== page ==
At first it was a love-hate relationship. My heart was stuck in Los Angeles, and that coupled with my love of the warm weather of Southern California, meant that I was pretty miserable and found every reason to complain about San Francisco. It was not living up to my dreams of all those years before.

But as it always does, time went by and things began to change. My heart-strings began to release their tight grip on Los Angeles and I began opening up more to the idea of San Francisco being home. Little by little I began to acclimate to the weather, I began to find a new community of friends, I began to plant roots. San Francisco was becoming home. As it did so, the beauty around me began to become more and more apparent. Every time I would walk to yoga, I would stand in awe of the spectacular view of the skyline that was simply the backdrop of my walk through Alamo Square. The succulent scent of California’s year-round flowers wafted into my nostrils everywhere I went. The breathtaking view of the Golden Gate Bridge would render me speechless each time I passed over it or caught a glimpse of it from atop a high vista point in the city. The stunning views of the San Francisco Bay, dotted with beautiful sailboats, would come into my eyesight during a routine walk or drive. On almost a daily basis I would find myself amazed by the staggering beauty around me and exclaiming to myself, “My God. How on earth do I live HERE?”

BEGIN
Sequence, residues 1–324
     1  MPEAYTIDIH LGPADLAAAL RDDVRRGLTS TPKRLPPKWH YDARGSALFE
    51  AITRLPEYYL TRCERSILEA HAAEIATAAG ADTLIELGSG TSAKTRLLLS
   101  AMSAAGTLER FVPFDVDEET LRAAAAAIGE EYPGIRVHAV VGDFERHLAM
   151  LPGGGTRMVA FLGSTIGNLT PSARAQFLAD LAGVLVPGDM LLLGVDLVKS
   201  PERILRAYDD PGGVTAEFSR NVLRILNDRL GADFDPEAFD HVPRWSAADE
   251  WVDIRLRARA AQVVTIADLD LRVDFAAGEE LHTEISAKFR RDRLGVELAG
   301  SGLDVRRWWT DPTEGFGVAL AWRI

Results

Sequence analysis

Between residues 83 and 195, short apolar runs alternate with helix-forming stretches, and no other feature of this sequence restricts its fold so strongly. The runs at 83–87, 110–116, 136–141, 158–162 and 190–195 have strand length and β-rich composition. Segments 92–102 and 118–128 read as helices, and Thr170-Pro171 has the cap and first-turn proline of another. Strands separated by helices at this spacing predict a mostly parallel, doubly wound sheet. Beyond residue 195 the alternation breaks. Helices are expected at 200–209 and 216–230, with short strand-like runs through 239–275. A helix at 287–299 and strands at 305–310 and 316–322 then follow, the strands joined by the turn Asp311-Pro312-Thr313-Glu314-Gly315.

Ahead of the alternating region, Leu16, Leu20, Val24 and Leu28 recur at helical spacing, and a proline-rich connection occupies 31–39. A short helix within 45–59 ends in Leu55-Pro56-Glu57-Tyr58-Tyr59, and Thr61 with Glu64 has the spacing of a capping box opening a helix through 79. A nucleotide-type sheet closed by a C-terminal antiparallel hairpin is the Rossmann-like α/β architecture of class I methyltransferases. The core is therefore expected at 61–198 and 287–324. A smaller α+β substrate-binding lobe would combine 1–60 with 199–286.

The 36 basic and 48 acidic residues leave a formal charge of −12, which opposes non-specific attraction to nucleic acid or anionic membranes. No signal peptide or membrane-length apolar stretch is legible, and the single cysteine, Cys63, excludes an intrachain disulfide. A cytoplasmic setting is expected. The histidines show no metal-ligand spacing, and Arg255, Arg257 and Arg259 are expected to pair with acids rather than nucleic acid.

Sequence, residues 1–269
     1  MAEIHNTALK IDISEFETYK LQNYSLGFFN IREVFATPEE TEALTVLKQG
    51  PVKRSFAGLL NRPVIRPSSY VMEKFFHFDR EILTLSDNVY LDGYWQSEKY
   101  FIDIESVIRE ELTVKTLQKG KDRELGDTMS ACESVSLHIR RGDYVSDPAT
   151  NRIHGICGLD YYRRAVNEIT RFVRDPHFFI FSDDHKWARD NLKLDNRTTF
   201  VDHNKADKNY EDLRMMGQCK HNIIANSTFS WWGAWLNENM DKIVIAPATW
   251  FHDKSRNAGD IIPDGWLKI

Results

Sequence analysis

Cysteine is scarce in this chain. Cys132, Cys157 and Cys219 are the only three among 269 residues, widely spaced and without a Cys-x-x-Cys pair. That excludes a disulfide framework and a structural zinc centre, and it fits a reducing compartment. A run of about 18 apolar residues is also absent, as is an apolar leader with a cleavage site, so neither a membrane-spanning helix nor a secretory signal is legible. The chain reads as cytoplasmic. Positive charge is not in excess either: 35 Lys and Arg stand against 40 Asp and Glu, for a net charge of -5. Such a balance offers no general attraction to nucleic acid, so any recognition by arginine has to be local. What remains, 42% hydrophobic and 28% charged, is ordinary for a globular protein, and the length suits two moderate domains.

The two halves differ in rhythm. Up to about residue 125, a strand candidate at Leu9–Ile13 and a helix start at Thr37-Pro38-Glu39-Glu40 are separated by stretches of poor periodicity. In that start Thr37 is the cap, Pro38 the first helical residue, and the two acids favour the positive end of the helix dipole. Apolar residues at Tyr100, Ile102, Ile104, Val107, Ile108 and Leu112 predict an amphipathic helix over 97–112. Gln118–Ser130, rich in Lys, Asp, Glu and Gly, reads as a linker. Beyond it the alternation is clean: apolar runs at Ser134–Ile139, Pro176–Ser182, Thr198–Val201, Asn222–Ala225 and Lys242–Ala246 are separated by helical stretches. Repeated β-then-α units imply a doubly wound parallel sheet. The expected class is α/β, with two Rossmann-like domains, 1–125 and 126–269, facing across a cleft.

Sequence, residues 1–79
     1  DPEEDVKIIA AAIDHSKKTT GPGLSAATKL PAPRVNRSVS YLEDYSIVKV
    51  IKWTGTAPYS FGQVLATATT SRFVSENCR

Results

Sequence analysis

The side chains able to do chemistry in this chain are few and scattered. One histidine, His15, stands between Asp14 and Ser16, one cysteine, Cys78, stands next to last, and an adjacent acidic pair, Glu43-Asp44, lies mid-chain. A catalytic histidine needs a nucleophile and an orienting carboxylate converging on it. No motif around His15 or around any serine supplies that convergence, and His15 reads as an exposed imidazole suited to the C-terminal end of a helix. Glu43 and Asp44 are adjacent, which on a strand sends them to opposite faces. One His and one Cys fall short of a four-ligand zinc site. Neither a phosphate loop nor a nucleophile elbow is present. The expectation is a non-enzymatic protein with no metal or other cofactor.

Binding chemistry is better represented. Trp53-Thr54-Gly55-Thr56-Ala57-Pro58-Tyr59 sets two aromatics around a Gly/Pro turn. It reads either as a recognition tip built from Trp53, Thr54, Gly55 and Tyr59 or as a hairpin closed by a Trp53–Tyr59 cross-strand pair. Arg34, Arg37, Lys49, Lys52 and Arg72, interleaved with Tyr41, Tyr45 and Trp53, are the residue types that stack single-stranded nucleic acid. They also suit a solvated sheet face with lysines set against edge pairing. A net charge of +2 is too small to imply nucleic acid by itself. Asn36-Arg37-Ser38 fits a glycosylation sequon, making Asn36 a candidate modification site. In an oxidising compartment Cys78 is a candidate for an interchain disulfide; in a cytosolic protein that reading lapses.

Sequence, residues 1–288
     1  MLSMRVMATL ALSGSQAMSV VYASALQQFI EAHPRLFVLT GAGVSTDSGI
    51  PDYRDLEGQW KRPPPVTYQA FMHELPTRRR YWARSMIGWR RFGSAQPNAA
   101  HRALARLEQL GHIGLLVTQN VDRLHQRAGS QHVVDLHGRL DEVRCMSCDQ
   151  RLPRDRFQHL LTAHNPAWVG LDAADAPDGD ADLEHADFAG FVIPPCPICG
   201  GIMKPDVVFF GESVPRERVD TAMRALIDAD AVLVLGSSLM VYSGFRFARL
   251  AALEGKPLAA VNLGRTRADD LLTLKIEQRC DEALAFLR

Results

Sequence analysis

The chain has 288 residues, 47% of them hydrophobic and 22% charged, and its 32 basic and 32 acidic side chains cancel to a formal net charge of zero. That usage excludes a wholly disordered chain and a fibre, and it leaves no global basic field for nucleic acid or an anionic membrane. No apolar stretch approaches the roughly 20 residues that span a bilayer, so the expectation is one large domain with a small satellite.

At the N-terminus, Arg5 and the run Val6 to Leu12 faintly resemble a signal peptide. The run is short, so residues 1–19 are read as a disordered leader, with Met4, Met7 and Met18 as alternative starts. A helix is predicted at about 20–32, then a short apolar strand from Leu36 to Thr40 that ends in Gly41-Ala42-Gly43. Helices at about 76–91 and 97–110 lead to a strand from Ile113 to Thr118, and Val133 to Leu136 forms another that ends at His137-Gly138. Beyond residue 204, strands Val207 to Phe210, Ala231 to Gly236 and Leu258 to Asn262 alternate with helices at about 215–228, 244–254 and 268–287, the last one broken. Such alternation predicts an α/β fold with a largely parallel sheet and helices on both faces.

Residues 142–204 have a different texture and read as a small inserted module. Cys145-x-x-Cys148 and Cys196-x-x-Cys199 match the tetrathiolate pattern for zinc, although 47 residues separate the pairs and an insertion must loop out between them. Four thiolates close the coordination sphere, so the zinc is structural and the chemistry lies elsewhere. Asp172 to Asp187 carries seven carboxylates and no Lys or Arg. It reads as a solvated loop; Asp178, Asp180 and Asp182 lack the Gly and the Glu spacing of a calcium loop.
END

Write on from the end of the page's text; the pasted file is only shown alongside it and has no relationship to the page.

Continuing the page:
View of Golden Gate Bridge from Marin Headlands

As a writer dedicated to focusing on the positive and seeking out the joy of life, I strive every day to appreciate the beauty that is all around me and to not take it for granted. But like any human, even I have my moments when I lose sight of it. Tonight was one of those moments. As we just changed the clocks and it is suddenly getting dark much earlier than it was previously, I found myself disappointed by the loss of light in the day. As I was preparing to leave for yoga this evening, I posted this update to my Facebook page:

“Really not thrilled about it being DARK for my walk to yoga.”

Looking out the window I could see that it was dark and I was not looking forward to the walk in the cold, especially when I was so used to taking this lovely walk with the warm sun on my back.